To provide a comparison to our VLP sera, another group of rabbit sera (group 5 in Fig 1) consisted of the best responders from 4 different DNA prime-soluble Env boost immunogenicity studies. The most potent group 5 serum was from animal 647 that had been immunized with pSVIII SOS gp160∆CT plasmid DNA, followed by a single gp140 foldon (gp140F) trimer boost. Nineteen other rabbits immunized with the same or related DNA prime-boost or gp140F only regimens did not develop potent autologous nAbs (S1 Table). Interestingly, the 647 animal was also the only one to develop high titer nAbs against the tier 1A MN strain after 3 DNA primes, i.e., before it was boosted with gp140F trimers (S1 Table). Thus, a particularly effective response to DNA priming may have imprinted tier 2 JR-FL nAbs that were expanded after a single protein boost. Notably, the neutralizing ID50s (particularly against tier 1 viruses) in many animals decreased following the second protein boost (S1 Table). One explanation might be that the rest period between protein boosts 1 and 2 may have been insufficient for B cells to return to a resting state (4 weeks). Another possibility is that there may be competition between lineages initiated by DNA priming and those initiated by the first protein boost. If the protein-initiated responses predominate, this could explain the transient dip in titers at the second boost. Yet another possibility could be an increasing focus on strain-specific epitopes (i.e. JR-FL-specific epitopes not present on the MN or SF162 strains).

The 2922 serum of group 5 was the most potent of 10 rabbit sera arising from a gp120 DNA-soluble gp120 monomer boost vaccination study (S2 Table; [20]). It is worth noting that the autologous nAb ID50s here were weaker than those observed in a previous study using the same regimen based on the JR-CSF strain [20]. This suggests that the Env clone markedly affects nAb induction by this regimen. Serum 849 was derived from an animal immunized with JR-FL SOSIP gp140 in a DNA prime-protein boost regimen [58]. Finally, the 7672 serum resulted from immunization with a mutant gp120 DNA prime-protein boost regimen that contained a graft of the MPER region within the V2 loop (G2C mutant) [59].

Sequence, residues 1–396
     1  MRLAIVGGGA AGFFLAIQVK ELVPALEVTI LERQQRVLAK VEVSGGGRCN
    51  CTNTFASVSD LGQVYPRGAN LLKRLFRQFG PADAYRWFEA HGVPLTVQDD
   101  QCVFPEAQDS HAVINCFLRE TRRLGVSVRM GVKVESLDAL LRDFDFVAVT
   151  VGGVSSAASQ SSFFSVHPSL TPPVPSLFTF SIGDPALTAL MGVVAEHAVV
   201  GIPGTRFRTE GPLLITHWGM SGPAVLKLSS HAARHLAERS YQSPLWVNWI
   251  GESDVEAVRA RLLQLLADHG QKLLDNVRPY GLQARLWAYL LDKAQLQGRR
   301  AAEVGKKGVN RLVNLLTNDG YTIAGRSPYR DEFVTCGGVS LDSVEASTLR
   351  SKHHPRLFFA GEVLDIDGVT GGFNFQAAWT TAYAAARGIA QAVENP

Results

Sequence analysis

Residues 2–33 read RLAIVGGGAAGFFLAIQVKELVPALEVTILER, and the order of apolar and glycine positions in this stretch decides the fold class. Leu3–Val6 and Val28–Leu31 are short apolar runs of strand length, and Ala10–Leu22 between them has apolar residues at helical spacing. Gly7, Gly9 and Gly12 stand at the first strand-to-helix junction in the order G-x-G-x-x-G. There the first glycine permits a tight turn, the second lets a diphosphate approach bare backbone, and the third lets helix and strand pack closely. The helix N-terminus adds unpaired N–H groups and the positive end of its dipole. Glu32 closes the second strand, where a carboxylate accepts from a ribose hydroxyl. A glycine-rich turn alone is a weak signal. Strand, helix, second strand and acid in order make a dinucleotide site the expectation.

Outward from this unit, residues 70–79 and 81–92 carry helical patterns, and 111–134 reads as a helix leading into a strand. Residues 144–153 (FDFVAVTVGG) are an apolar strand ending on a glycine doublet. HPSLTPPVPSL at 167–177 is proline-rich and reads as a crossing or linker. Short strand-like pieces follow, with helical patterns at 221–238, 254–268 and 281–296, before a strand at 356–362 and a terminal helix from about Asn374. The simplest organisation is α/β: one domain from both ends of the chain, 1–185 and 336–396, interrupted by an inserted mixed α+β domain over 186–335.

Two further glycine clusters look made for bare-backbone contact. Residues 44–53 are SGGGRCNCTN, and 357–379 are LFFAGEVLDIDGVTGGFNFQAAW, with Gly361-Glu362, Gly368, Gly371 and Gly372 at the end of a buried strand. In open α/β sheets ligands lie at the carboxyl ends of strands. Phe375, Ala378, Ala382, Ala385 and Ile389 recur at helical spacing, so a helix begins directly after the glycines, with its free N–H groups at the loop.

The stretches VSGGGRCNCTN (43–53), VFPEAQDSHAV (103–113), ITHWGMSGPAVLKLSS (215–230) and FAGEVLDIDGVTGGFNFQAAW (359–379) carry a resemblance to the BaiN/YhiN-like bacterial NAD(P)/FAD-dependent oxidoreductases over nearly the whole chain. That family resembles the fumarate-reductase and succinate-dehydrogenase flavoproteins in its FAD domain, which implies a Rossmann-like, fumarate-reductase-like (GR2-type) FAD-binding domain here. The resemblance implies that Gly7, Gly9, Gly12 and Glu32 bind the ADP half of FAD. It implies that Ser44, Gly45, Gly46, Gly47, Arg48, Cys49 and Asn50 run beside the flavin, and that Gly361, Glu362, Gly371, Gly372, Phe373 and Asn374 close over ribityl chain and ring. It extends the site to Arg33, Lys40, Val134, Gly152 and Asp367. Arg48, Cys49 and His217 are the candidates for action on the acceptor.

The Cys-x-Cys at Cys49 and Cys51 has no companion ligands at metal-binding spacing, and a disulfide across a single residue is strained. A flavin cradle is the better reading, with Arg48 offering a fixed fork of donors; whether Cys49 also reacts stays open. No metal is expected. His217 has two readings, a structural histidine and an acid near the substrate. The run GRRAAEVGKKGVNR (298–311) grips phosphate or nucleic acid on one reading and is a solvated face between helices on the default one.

Serum analyses

Antigen binding profile.

Serum binding to monomeric JR-FL gp120, gp41, and bald-VLPs is shown in Fig 2A. HIV-1 donor plasmas 1702 and N160 strongly bound to monomeric gp120, and, as expected, the uninfected control (210) did not (Fig 2A). As shown in S3A Fig, rabbit groups 1, 2 and 4 exhibited modest gp120 titers that were somewhat higher than those in our previous study (group R2-I [28]), perhaps due to the higher immunogen dose. However, this improvement was only significant for group 2 rabbits (p = 0.0286, S3A Fig). Three of the 4 group 5 sera exhibited high gp120 titers (Fig 2A), perhaps because soluble forms of Env are more accessible and may therefore more readily elicit antibody responses [60]. Group 3 guinea pig mean gp120 titers were also higher (190,500) than in our previous study (group G2-1; mean titer = 19,500; [28]), again perhaps due to the higher immunogen dose.

Fig 2. Serum binding and neutralization profiles.

A) ELISA titers using recombinant JR-FL gp120, gp41 and bald-VLPs. Data shown are means of at least two repeats. B) Neutralization activity was measured in two different assay formats. TZM-bl cells were used to measure nAbs against the JR-FL WT E168K and SIVmac239 viruses in a "leave in" format. CF2.ThCD4.CCR5 cells were used to measure activity against the JR-FL SOS E168K virus in a “washout” format. All neutralization assays were performed at least three times in duplicate. Mean titers and standard deviations are shown.

HIV-1-infected donor plasmas 1702 and N160 both reacted strongly with recombinant gp41 (Fig 2A). The 647 serum (group 5) also had a high gp41 titer, probably because immunodominant gp41 epitopes are exposed on gp140 foldon. As expected, the uninfected human plasma control (210) and all the gp120-based immune sera (gp120 pool, 2922 and 7672) did not bind to gp41, nor did group 5 serum 849, because SOS mutations eliminate the immunodominant gp41 cluster I and II epitopes, as we reported previously [60]. VLP sera exhibited lower gp41 titers than in our previous study (depicted as group R2-1 in S3B Fig; [28]). In some cases (groups 1 and 4), this may be due to the reduced proportion of non-functional Env present on VLPs bearing E168K and N189A mutations (S1 Fig, compare lane 1 and 2 [25,28]). The low titers in groups 2 and 3 can be explained by the fact that the SOS mutation eliminates major gp41 immunodominant epitopes, as mentioned above (p = 0.0286; Figs 2 and S3B).

All 16 VLP sera (groups 1–4) bound effectively to bald-VLPs bearing no surface Env (Fig 2A). High ID50 titers were also observed in HIV-1-infected donor plasmas, but, as expected, not in the uninfected control. These findings may at least in part be explained by lipid-reactive antibodies [28] that are benign and ubiquitous in nature [61]. Indeed, none of our VLP-immunized animals exhibited any ill effects or toxicity related to immunizations. Like gp120 titers, the bald-VLP titers in our VLP sera were moderately higher than in our previous study (S3C Fig; [28]). This difference was only significant, however, for group 4 (p = 0.0286; S3C Fig). Bald-VLP titers in group 3 guinea pigs (mean 99,852) were also higher than those in G2-I guinea pigs (mean 13,333) of our previous study (Fig 3 in [28]). As expected, group 5 sera and the rabbit gp120 serum pool exhibited no bald-VLP reactivity.